Tue | Jan 18, 2022

SOEs FIZZLE

Gov’t fails to get Opposition backing for extension of crime-fighting tool

Published:Friday | November 26, 2021 | 8:28 AMChristopher Serju/Senior Gleaner Writer
Senator Don Wehby making his contribution to the debate on the Emergency Powers (Specified Areas in the Parish of Kingston and St. Andrew) (Continuance) Resolution, 2021, The Emergency Powers (Parish of St. James, Westmoreland and Hanover) (Continuance) Re
Senator Don Wehby making his contribution to the debate on the Emergency Powers (Specified Areas in the Parish of Kingston and St. Andrew) (Continuance) Resolution, 2021, The Emergency Powers (Parish of St. James, Westmoreland and Hanover) (Continuance) Resolution, 2021 in the Senate yesterday.
Members of the security forces patrol Ricketts Street in Savanna-la-Mar, Westmoreland, as part of operations under the state of emergency in the police division. The measure, which was also imposed in six other police divisions last week, failed to get the
Members of the security forces patrol Ricketts Street in Savanna-la-Mar, Westmoreland, as part of operations under the state of emergency in the police division. The measure, which was also imposed in six other police divisions last week, failed to get the support of the Opposition in the Senate yesterday for an extension.
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Jamaica is now on a “knife-edge”, according to Senate President Tom Tavares-Finson, following a legislative deadlock in the House of Representatives late last night, effectively putting a halt to the seven-police division states of emergency (SOEs) the Government was seeking to extend for another three months.

Tomorrow, the enhanced security measure, which took effect on November 14, will expire in the police divisions of St James, Westmoreland, Hanover, St Andrew South, Kingston Western, Kingston Central and Kingston East.

After an entire day of debates, the results of the vote came at 8:42 p.m. with 13 senators backing the extension, three voting against and five absences, with a disappointed government Senator Matthew Samuda expressing disgust at the unwillingness of the Opposition to yield to any of its impassioned and spirited entreaties, in light of the horrific murders with which the country is grappling.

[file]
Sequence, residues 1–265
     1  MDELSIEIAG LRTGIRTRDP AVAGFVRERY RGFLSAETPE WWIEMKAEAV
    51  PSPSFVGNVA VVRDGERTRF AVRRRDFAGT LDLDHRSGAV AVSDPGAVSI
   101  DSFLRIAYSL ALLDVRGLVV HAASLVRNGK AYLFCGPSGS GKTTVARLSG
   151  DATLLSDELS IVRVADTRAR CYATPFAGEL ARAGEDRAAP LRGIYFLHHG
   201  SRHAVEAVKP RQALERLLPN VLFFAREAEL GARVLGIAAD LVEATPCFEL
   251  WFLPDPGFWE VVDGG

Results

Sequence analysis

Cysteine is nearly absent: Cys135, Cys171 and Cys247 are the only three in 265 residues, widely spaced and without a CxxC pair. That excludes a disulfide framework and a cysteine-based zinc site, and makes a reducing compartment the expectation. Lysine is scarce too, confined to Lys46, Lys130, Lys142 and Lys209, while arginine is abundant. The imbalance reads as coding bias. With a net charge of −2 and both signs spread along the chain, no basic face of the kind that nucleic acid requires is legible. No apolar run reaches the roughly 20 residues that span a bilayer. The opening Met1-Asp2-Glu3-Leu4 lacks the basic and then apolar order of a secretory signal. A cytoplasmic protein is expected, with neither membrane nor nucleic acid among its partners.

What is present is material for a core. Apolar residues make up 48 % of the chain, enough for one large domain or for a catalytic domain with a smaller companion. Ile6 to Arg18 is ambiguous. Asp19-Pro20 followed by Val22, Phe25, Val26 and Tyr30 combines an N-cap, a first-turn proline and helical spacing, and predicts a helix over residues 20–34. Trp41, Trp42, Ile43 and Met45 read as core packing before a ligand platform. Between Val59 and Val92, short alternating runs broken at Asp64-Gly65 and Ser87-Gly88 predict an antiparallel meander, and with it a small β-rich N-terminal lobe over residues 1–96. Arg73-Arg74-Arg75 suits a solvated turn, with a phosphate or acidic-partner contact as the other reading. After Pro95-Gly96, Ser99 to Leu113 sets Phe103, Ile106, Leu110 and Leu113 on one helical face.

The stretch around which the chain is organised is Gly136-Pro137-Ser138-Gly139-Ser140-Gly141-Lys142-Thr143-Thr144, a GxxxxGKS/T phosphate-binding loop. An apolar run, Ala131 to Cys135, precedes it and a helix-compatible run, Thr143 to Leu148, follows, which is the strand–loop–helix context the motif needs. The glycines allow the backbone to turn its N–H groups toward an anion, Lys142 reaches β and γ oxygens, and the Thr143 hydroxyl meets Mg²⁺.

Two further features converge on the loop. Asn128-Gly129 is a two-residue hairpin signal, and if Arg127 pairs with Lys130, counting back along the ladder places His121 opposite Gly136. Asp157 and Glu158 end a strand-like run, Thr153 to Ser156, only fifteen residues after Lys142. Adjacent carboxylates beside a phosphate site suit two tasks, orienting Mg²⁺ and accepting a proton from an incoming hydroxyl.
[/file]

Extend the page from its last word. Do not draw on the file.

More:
Immediately after Tavares-Finson read the results, a dejected Leader of Government Business Kamina Johnson Smith rose to register her disappointment.

“It is a sad day for the people of Jamaica, and in particular, for the people who live in the communities in the seven police divisions,” she said.

Thereafter, Tavares-Finson warned that the Opposition’s stance would further endanger Jamaicans.

“Now, I, Tom Tavares-Finson, the president of this Senate, I am calling on the head of the churches, I am calling civic organisations, I am calling on the business community through the PSOJ (Private Sector Organisation of Jamaica), I am calling on every sensible Jamaican to look at what happened here today and listen to me, two members of parliament, not the entire Opposition caucus – two – and three unelected members of this Senate have put this country in grave danger,” he uttered.

It was evident from the start of the debate that the senators were strongly divided along party lines, with Leader of Opposition Business Peter Bunting directing a quote to government Senator Kavan Gayle after an animated presentation, which effectively summed up the collective presentations of the Government.

He quoted celebrated American poet and author Carl Sandurg, thus: “If the facts are against you, argue the law. If the law is against you, argue the facts. If the law and the facts are against you, pound the table and yell like hell.”

He told Gayle, “You have been doing a lot of yelling.”

Yesterday, the PSOJ declared its support for the use of the SOEs as an interim measure to drive down the country’s high homicide rate.

In a media release, it noted that over the last two decades, the country has not approached violent crime prevention and reduction in a comprehensive and holistic manner, putting the burden of crime fighting on the police force “to clean up where society and good governance have not delivered”.

The release added: “The only way to reduce violent crime in a sustainable manner is through a holistic plan of education, social transformation, reformation of the JCF (Jamaica Constabulary Force), justice and penal reform.”

The PSOJ called for a comprehensive update of a number of pieces of legislation, including the Firearms Act and the Bail Act, as well as the Road Traffic Act and amendments to the Dangerous Drugs and Corrections acts.

christopher.serju@gleanerjm.com